Formalised responsibility modelling for automated socio-technical systems analysis

Simpson, Robbie (2017) Formalised responsibility modelling for automated socio-technical systems analysis. PhD thesis, University of Glasgow.

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Printed Thesis Information: https://eleanor.lib.gla.ac.uk/record=b3288239

Abstract

Modelling the structure of social-technical systems as a basis for informing
software system design is a difficult compromise. Formal methods struggle to
capture the scale and complexity of the heterogeneous organisations that use
technical systems. Conversely, informal approaches lack the rigour needed to
inform the software design and construction process or enable automated
analysis.

We revisit the concept of responsibility modelling, which models social
technical systems as a collection of actors who discharge their
responsibilities, whilst using and producing resources in the
process. In this thesis responsibility modelling is formalised as a structured approach for
socio-technical system specification and modelling, with
well-defined semantics and support for automated structure and validity
analysis.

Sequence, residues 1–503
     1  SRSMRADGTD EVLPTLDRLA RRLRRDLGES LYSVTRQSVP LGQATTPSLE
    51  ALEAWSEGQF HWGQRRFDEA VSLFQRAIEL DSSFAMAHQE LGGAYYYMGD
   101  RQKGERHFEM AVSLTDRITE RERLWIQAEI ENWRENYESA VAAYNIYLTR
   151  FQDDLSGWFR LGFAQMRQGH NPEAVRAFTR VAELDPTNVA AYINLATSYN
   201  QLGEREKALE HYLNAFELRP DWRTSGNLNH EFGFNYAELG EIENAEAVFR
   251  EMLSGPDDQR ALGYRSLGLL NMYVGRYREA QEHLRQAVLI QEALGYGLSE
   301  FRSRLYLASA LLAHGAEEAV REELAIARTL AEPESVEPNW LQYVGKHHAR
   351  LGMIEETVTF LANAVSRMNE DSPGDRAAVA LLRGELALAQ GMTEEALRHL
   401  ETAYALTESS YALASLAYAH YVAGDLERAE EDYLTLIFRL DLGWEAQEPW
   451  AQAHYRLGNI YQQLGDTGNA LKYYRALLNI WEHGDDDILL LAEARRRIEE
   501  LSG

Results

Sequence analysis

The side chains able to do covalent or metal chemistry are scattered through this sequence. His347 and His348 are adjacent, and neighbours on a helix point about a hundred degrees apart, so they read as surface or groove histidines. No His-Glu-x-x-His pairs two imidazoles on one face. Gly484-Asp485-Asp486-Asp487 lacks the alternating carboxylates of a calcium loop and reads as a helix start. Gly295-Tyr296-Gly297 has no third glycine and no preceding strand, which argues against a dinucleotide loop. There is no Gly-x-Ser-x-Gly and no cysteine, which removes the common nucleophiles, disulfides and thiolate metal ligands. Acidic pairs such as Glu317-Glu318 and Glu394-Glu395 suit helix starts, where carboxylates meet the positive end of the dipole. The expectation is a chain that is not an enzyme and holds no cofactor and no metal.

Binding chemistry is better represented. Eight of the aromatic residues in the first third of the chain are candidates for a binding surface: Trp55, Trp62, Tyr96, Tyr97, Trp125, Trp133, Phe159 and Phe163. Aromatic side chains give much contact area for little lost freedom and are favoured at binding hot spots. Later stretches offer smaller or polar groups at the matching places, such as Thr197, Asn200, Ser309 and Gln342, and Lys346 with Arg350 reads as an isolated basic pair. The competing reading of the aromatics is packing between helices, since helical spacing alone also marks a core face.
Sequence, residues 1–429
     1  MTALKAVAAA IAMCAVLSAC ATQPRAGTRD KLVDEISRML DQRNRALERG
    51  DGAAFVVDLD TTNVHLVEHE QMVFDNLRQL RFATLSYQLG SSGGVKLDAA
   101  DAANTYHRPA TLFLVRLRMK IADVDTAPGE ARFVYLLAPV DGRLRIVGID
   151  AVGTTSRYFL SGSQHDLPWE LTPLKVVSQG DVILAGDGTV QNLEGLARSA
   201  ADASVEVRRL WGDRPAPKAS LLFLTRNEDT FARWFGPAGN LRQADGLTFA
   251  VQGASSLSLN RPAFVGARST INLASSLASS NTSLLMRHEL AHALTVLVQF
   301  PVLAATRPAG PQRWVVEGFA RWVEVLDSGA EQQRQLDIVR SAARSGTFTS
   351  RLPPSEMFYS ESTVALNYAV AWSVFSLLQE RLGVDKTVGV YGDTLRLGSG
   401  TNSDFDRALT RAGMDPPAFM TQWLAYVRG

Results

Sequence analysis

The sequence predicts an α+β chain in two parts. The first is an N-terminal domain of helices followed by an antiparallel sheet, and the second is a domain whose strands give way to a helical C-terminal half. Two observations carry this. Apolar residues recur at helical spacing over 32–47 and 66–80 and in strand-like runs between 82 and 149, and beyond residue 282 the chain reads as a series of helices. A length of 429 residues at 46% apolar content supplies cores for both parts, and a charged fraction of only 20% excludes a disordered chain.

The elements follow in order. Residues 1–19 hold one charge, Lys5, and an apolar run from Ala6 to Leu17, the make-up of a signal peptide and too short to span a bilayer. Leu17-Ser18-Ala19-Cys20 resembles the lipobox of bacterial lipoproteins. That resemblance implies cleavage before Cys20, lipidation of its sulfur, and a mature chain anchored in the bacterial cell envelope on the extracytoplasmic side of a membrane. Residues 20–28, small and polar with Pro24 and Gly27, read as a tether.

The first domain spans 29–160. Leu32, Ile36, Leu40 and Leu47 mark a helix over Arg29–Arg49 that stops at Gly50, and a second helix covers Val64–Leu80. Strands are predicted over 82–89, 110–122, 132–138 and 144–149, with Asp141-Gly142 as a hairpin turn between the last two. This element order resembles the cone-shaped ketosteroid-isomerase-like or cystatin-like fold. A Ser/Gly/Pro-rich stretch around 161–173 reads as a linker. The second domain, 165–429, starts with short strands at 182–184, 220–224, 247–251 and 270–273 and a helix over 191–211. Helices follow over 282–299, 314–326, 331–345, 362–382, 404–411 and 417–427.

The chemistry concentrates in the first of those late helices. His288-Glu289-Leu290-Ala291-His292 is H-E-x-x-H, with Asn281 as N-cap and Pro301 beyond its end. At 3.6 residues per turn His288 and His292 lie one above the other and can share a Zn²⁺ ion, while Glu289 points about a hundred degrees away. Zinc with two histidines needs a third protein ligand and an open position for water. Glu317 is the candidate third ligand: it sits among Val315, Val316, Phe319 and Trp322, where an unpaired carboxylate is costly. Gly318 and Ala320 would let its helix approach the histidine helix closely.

We provide structured definitions for entity types and relations, and
define the semantics of delegation and dependency. A constraint logic is
introduced, providing simple specification of complex
interactions between entities. Additionally, we introduce the ability to
explicitly model uncertainty.
To support this formalism, we present a new software toolkit that supports
modelling and automatic analysis of responsibility models in both
graphical and textual form.

The new methodology is validated by applying it to case studies across
different problem domains. A study of nuclear power station emergency planning
is validated by comparison to a similar study performed with earlier forms of
responsibility modelling, and a study of the TCAS mid-air collision avoidance
system is validated by evaluation with domain experts. Additionally, we perform
an explorative study of responsibility modelling understanding and applicability
through a qualitative study of modellers.

Item Type: Thesis (PhD)
Qualification Level: Doctoral
Subjects: Q Science > QA Mathematics > QA75 Electronic computers. Computer science
Q Science > QA Mathematics > QA76 Computer software
Colleges/Schools: College of Science and Engineering > School of Computing Science
Supervisor's Name: Storer, Dr. Tim
Date of Award: 2017
Depositing User: Dr Robbie Simpson
Unique ID: glathesis:2017-8495
Copyright: Copyright of this thesis is held by the author.
Date Deposited: 11 Oct 2017 16:00
Last Modified: 15 Nov 2017 14:25
URI: http://theses.gla.ac.uk/id/eprint/8495

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